Annuities provide a long-term solution for retirement savings. Tax-deferred annuities offer the added benefit of sheltering contribution amounts from taxes. Different types of tax-deferred annuities offer varying rates of return, with no limits on the amount of money a person can contribute to an account. Because of their combined savings and investment features, more than one regulatory agency oversees the sales and management of deferred annuity accounts.
Tax Deferred Annuities
Tax-deferred annuities function much like life insurance policies in terms of insuring account monies against taxation and accumulating earnings over time. Annuities differ in that account holders can receive guaranteed payments from accumulated monies after a certain period of time. Interest earnings come from the investment products insurance companies use to back annuity accounts. Annuity accounts offer higher interest earnings rates than savings accounts, with earnings accumulating on a compound basis. These accounts place no restrictions on the amount of money a person can contribute. And while taxe-deferred annuities offer a profitable investment option, any earnings gains become taxable income once payment distributions begin.
Tax-deferred annuities come in different types that vary in their level of risk, rate of return and income earnings potential. Fixed deferred annuities offer a guaranteed interest earnings rate for a certain period of time, such as one, two or three years. After this period, account earnings match whatever market interest rates prevail from year to year. Fixed annuities provide a consistent rate of return with minimal risk.
Variable deferred annuities function similar to stock options in terms of offering varying rates of return based on the type of investments used. With variable annuities, the account holder selects which types of investments will back his account. Selection options include bonds, mutual funds and money market accounts. As a result, variable annuities carry the highest potential risk and reward.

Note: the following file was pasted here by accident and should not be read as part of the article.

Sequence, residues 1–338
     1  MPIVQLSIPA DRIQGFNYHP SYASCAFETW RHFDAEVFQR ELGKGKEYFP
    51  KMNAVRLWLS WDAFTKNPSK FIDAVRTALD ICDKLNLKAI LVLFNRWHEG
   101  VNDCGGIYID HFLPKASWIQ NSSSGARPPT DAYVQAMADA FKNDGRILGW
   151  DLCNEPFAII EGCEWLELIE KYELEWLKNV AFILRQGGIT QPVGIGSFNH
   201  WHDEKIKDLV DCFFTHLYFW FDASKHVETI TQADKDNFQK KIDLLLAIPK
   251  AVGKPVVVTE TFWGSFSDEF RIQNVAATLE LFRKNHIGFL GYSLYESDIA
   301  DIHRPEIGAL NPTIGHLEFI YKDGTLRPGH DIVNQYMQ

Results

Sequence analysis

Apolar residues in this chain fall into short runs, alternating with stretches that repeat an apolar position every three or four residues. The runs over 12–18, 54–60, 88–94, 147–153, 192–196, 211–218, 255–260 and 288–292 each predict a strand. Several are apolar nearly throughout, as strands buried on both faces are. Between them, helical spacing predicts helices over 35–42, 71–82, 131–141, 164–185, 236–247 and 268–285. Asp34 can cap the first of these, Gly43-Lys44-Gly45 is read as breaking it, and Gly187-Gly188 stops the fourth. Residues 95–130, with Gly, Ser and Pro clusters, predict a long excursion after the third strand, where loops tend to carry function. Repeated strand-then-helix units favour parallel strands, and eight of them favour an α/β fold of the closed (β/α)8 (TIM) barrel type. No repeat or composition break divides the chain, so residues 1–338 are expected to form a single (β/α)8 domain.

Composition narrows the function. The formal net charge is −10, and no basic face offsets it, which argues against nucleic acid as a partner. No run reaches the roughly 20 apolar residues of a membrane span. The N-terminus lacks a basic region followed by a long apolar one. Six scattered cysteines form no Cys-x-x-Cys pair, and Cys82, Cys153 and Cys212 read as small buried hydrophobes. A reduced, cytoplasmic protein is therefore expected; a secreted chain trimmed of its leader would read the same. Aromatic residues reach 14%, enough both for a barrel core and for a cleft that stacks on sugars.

Index deferred annuities combine features from both fixed and variable annuities. Index annuities guarantee a minimum rate of return while still offering high earnings potential based on market performance. With no limits on contribution amounts, a person can really take advantage of the income earnings potential available through the higher risk annuity products.
Any withdrawals made from a tax deferred annuity account -- whether before or after its maturity date -- become subject to taxes. The taxable amount equals the amount of interest income earned from regular contribution amounts. The rate of taxation corresponds with a person’s income level tax rate; so taxable amounts can vary depending on a person’s tax rate at the time distributions begin.
As a general rule, any withdrawals made before the age of 59 ½ incur a 10 percent federal tax penalty. Tax requirements for tax-deferred annuities can vary depending on how a person sets up her distribution payments once the annuity matures. Once an account matures, account holders can opt to make a simple partial withdrawal, in which case the entire withdrawal amount becomes taxable as interest earnings.
Account holders also can set up a systematic annuity income payment that helps to spread taxable earnings out over the duration of their distribution period. In effect, the unlimited contribution option leaves a person open to large tax costs in cases where an account generates large sums in interest earned.
As with most investment or savings type products, regulatory agencies oversee the marketing, sales and management of tax-deferred annuity accounts. Regulatory agencies help to protect account holders from illegal insurance and investment practices. As tax deferred annuities offer a variety of savings and investment options, different regulatory agencies oversee different types of annuities. Since fixed income annuities function mostly as savings vehicles, state insurance agencies regulate how insurance companies market, sell and manage these types of accounts. As variable interest and index deferred annuities use investment-type products as sources for earnings, the Securities and Exchange Commission oversees these account types because of their connection with the stock market.
Jacquelyn Jeanty has worked as a freelance writer since 2008. Her work appears at various websites. Her specialty areas include health, home and garden, Christianity and personal development. Jeanty holds a Bachelor of Arts in psychology from Purdue University.